This is why there are more and more products using palm oil. Palm oil is fine, although not as healthy as coconut oil, and in its refined (as opposed to virgin) state it’s not particularly good for you, but it’s way better than a trans fatty acid. The main problem with palm oil is that people are tearing down rain forests to plant palm trees.

So what about butter? Well butter is a naturally occurring almost entirely saturated fat. It does contain some naturally occurring trans fatty acid, but this is thought to be of a harmless nature (a hypothesis that has not yet been scientifically verified).

The saturated fat in butter is not all the good type, but it’s not all the bad type either, and at least butter is a natural unprocessed food. There are some spreadable butters now that have been blended with oils thereby reducing the overall saturated fat profile. Butter may not be a health food, but it certainly won’t kill you either. It’s certainly among the best of a bad bunch.

There is one saturated fat product that is believed to be healthy – coconut oil. This only contains the good saturated fat, is natural, and usually unprocessed (but check the label). Coconut oil is the safest fat you can use for any sort of frying. It may however impart a slight coconut taste to the food, and it’s quite expensive.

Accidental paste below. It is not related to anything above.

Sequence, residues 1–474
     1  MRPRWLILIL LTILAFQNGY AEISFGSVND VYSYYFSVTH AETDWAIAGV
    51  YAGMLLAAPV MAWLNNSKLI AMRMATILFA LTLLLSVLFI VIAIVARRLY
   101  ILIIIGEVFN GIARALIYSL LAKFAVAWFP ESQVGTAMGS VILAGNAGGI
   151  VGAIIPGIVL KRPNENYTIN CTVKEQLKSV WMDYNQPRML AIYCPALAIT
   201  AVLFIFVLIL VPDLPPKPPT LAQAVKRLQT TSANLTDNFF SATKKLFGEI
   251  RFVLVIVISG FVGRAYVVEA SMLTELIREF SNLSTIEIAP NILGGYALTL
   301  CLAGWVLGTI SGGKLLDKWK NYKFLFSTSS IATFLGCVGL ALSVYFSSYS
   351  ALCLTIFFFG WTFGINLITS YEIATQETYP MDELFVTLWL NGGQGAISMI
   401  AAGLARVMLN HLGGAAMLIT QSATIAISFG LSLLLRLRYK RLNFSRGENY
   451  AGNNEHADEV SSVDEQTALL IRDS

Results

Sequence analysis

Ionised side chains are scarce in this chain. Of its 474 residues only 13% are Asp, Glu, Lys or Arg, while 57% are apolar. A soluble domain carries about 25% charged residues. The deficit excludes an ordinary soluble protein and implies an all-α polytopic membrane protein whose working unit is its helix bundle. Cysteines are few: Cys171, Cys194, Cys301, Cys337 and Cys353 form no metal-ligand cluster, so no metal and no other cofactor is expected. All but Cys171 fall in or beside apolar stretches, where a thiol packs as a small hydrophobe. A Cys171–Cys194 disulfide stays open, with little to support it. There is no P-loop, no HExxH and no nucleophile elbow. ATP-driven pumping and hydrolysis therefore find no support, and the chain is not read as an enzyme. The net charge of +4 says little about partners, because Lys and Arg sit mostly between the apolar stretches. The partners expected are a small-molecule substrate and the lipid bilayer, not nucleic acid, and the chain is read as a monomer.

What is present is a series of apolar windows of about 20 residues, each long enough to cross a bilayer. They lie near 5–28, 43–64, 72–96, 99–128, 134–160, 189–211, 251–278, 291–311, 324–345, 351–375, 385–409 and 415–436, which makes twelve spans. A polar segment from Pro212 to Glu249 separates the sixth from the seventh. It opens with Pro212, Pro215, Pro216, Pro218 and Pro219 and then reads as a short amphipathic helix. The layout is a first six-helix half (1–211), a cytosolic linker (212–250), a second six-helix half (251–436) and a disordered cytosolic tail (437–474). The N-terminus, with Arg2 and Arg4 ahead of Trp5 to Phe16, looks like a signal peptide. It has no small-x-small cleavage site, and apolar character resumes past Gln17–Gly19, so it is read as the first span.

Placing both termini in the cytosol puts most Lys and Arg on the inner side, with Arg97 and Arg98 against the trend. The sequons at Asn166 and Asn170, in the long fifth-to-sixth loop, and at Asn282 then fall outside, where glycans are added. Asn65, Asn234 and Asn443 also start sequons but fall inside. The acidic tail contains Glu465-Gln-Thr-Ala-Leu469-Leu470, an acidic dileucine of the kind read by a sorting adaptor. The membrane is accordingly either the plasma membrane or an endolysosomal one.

On the plus side it possesses both antibacterial and antiviral properties, promotes weight loss, and can help prevent Alzheimer’s disease. It’s all but a superfood. There even exists coco-butter, which can be used as a (slightly coconutty) substitute for butter and other spreads.

So to summarise:

  • BAD = trans fat, trans fatty acid, partially hydrogenated, hydrogenated.
  • OK = fully hydrogenated or un-hydrogenated.
  • Butter is possibly healthier than most spreads, and safer for frying than cooking oil.
  • Coconut oil is a healthy solid fat, and the safest thing to fry with. It’s actually very good for you, as are coconut milk and coconut cream.

As an aside, the most nutritious oils, or unsaturated fats, are hemp oil, closely followed by flaxseed oil, so use these for salad dressings. Both of these oils should be stored refrigerated at all times, and it’s doubtful that you’ll find any refrigerated oil in a supermarket, so best use a health food shop.

And lastly, there is absolutely nothing wrong with eating avocados. They are high in healthy fats, very good for you, and even aid weight loss.